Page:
In our Gospel reading, Jesus finds himself surrounded by tax collectors and sinners and the Pharisees are scandalised.  The priest must be happier to be the friend of sinners than of those who our worldly society consider its stars and the personalities.  When Jesus tells us that he came to call sinners rather than the virtuous, he is also telling us that the more we consider ourselves the virtuous the greater the probability that we are  sinners.


Jesus knows us for who we are and in his mysterious design he calls us knowing that we are sinners.  Christianity it is not religion of personal or collective triumphalism but neither is it a religion of masochism and negativity.  In our encounter with Jesus, we recognise that we are sinners but we also note that, the one who came to heal sinners, calls us by name.  He does not debate or bargain with us, he does not invite us to a talk show. He calls us and the only response to the call of Jesus is to respond as Matthew did: in trust, he got up and followed Jesus immediately.


Recognising our inadequacy is not an excuse for paralysis or quibbling about our call.    In our second reading, Saint Paul reminded us that he had learned “to manage on whatever he had”.  Recognising that his security did not come from earthly possession he could say, “there is nothing I cannot master with help of the One who gives me strength”.  He recognises that his strength is not from his own ideas and achievement and he reminds us that it is in the mysterious abandoning of ourselves into the loving embrace of Jesus that we come to experience that the “God of peace will be with us”.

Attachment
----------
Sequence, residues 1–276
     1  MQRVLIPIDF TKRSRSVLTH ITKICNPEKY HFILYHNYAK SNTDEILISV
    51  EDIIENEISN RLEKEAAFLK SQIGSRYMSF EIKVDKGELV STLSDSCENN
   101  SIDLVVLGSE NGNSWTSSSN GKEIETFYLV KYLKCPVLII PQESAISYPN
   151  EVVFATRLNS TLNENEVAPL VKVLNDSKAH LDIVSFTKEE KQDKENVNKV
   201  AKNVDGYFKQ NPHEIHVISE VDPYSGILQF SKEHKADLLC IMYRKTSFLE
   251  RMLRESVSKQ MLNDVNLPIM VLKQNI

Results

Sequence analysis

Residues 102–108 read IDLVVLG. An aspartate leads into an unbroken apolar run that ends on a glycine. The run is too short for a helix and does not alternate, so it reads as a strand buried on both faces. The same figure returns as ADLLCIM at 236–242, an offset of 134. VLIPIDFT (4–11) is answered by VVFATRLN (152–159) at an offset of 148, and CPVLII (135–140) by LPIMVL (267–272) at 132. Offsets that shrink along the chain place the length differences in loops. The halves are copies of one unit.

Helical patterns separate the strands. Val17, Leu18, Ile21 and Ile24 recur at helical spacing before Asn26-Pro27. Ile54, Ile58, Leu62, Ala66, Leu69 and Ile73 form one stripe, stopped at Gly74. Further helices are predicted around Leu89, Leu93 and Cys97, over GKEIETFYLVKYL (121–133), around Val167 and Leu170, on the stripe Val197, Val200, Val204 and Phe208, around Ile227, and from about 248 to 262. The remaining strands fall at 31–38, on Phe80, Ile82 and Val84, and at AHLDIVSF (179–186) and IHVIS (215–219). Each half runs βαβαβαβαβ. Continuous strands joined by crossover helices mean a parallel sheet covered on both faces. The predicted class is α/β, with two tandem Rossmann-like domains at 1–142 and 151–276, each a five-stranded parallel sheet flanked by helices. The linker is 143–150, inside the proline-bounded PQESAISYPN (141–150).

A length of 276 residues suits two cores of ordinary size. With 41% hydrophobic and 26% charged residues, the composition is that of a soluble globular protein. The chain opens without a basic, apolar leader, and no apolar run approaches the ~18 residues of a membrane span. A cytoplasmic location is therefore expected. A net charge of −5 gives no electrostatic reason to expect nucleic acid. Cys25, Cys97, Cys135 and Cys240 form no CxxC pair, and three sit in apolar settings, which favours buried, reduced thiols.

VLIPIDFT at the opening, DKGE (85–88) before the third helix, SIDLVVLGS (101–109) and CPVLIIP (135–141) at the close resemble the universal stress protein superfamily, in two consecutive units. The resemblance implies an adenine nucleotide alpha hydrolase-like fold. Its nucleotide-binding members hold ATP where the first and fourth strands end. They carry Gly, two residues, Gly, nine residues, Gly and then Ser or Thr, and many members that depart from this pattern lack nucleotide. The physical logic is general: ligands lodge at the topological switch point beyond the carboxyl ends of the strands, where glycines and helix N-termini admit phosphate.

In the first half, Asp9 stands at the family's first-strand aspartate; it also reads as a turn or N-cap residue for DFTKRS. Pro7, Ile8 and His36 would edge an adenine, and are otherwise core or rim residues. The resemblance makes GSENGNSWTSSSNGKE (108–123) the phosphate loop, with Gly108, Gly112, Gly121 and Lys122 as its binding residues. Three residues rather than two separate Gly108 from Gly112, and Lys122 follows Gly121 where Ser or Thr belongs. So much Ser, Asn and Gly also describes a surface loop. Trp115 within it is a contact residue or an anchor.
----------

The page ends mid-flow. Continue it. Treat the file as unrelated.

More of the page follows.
Matthew you are called through priestly ordination to act in persona Christi, to bring the light and the peace that flows from the message of Jesus to those who in our world suffer uncertainty and doubt and darkness about themselves and about their future.  You are called to bring the challenging message of Jesus Christ to those who are over confident in worldly values that do not endure.


What do I say to you, how do I instruct you.  There are many in our Church and in our society who are uncertain about the ministry of the priest.  Priests themselves often live with doubt about the value of their ministry.  There are priests who say that they would not recommend a young man today to take on the ministry of the priest.


There are however the many who deep down have experienced the wisdom and the peace that comes from an encounter with a priest as someone whose witness in humility and poverty to the greatness and the richness of the message of Jesus led then to new hope and purpose.


Matthew the validity of your ministry will not come from self-vindication. You will have noticed that in answer to the question about your worthiness for ordination, the answer was that this was ascertained “by inquiry among the people of Christ”, and only in a secondary way by the recommendation of those concerned with your training.

Christ’s people measure the effectiveness of priestly ministry by a true sensus fidelium that recognises the authenticity of how you really identify with the Jesus you call down on the altar bringing his sacrificial love among us.


That authenticity is what will bring you joy and fulfilment in your ministry in good times and in difficult times. Be assured of the prayers of all us of that the good work you have undertaken up until this day will be brought by the Lord to its fulfilment and pray for this bishop called in all humility to instruct you.